CERN The Place to Be
CERN The Place to Be
Diyaselis M. Delgado Lopez, SPS Member, University of Puerto Rico–Mayaguez
When it comes to particle physics, the European Organization for Nuclear Research (known as CERN) is the place to be. I went into physics because I am curious about the universe and why we are here. To study the minuscule fundamental particles that make up the universe, we need to build large-scale, complex scientific instruments. The tools of high energy physics (HEP) research—complex accelerators, sensitive detectors, high-volume data storage and analysis—are required to answer the essential questions about how the universe was created. The Large Hadron Collider, located in CERN’s accelerator complex, is the largest machine in the world—and one of the most expensive—but it gives us the ability to study the building blocks of the universe.
I am a member of the Compact Muon Solenoid (CMS) experiment on the Large Hadron Collider. The CMS detector is built around a huge solenoid magnet. This takes the form of a cylindrical superconducting coil that generates a magnetic field of 4 tesla. The field is confined by a steel bulk that is extremely heavy and dense for its compacted size, hence the name.
I have been intrigued by high energy physics from the very beginning, even when I barely knew what it meant. Before joining the CMS team, I had done research on astrophysics, which involves studying some of the universe’s largest objects, and now I was captivated by its tiniest components: subatomic particles. I approached my professor with the curiosity to know more and to ask for a spot on the particle research group at my school, the University of Puerto Rico–Mayaguez. I was accepted and became a CMS nondoctoral student working on testing physics analyses focused on supersymmetry and dark matter studies for long-term preservation and reproducibility.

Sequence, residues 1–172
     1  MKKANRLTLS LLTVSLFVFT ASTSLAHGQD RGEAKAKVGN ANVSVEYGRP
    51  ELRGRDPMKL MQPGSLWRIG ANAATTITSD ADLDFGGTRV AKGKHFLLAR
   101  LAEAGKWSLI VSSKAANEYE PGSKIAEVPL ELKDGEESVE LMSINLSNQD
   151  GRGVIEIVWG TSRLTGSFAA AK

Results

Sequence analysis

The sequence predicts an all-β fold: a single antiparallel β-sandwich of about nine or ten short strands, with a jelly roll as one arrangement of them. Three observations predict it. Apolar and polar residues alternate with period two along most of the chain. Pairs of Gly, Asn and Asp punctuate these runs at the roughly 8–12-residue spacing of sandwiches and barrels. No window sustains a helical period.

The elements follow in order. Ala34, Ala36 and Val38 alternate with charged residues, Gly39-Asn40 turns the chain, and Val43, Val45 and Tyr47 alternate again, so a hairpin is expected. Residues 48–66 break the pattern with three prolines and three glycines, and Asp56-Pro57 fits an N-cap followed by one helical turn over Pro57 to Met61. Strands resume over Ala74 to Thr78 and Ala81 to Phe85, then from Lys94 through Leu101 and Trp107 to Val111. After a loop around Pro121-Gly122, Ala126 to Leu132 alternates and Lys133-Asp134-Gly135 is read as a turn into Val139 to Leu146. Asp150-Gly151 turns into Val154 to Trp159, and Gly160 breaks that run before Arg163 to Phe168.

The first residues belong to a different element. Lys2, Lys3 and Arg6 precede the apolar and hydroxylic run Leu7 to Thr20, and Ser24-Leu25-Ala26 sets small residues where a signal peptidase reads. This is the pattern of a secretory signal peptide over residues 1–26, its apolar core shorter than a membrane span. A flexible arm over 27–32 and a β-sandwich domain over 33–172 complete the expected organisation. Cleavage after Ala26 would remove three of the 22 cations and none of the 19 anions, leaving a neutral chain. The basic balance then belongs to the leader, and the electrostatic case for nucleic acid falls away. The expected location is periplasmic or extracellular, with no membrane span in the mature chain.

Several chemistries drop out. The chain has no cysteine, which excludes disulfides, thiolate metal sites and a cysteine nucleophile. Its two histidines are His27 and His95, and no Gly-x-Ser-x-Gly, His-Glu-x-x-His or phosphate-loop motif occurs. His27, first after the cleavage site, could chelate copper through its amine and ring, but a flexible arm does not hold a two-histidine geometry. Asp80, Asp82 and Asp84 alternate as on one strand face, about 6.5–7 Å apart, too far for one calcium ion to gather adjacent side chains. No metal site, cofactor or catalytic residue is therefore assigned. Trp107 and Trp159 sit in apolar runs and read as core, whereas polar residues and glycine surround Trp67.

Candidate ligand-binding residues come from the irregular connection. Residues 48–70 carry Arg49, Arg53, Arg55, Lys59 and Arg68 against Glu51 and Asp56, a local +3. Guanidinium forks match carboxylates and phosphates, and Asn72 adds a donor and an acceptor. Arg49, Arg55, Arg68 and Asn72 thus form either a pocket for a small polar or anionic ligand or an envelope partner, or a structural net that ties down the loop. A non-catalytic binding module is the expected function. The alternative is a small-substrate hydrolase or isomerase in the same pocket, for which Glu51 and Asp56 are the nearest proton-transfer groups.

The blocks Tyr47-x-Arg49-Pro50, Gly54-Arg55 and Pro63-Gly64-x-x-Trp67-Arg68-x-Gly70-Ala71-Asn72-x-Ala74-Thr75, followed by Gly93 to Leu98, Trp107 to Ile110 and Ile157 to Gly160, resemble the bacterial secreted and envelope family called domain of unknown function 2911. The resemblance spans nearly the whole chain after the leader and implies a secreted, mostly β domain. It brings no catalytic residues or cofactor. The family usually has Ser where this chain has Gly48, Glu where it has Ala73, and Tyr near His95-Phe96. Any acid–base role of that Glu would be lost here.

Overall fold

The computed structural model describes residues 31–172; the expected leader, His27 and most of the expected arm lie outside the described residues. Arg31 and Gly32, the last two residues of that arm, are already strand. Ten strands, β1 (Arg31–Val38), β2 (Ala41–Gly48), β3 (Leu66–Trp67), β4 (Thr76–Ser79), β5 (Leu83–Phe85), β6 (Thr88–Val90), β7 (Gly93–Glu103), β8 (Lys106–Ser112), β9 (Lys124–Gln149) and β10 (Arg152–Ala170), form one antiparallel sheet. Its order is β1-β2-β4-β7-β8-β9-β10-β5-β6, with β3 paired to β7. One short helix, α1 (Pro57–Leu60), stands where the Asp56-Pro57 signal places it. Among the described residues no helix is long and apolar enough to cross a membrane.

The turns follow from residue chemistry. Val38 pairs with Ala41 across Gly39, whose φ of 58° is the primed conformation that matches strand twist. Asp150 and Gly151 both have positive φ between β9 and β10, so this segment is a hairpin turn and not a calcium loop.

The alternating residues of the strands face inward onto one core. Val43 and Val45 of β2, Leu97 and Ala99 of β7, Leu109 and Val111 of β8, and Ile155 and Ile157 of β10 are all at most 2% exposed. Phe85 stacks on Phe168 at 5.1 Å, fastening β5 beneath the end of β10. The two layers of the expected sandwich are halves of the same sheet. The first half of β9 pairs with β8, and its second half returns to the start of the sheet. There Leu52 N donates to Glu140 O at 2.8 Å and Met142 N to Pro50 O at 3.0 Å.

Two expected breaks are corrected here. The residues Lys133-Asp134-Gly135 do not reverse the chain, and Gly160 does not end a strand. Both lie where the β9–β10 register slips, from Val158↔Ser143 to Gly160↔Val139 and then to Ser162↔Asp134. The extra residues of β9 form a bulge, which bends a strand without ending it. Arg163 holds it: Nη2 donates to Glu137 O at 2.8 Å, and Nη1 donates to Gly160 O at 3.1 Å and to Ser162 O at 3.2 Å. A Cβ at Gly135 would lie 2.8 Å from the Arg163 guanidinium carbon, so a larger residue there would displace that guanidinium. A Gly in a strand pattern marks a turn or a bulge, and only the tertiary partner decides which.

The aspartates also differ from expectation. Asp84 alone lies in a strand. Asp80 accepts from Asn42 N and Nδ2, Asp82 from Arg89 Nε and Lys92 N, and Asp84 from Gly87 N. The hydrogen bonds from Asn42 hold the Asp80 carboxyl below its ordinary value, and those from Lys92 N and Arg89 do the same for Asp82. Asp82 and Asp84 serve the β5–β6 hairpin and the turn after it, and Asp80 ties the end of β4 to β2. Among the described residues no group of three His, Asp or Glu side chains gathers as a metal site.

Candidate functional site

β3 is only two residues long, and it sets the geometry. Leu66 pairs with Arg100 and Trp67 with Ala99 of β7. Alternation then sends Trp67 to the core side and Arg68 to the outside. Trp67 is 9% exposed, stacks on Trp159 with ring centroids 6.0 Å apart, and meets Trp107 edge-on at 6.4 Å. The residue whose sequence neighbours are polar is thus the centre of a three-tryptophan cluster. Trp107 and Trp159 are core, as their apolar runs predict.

After a year of research, I had the opportunity to join CERN on-site for six months as the representative from Puerto Rico to participate in the Non-Member State Summer Program at CERN and later on as part of the University of Michigan Research Semester Abroad program. Both programs aim to provide undergraduates with research experiences at CERN.
I was assigned to the data preservation and open access division at CERN. The staff members who reviewed my application thought this department was a good fit for my computing abilities and general theoretical knowledge of high energy physics. My project was to help the open data division better store its information so that it can be preserved for future use by both the CERN community and any physics enthusiast. To do this, I developed and tested simplified examples of research to see how to best structure the data for long-term preservation and reproducibility. I created workflows so that raw data can be run on-demand, even after years have passed from the original experiment. This means that no matter how much computer technology changes, physicists of the future will be able to access the data from experiments conducted at CERN.
After this unique experience abroad, I’ve continued my on-campus research on supersymmetry under the same CMS experiment as I prepare for my graduate education centered on particle physics. I did not expect to fall in love with the field of particle physics, but I have found my niche, and for that I am grateful to my professor who helped me find my career path—and to CERN for making it possible.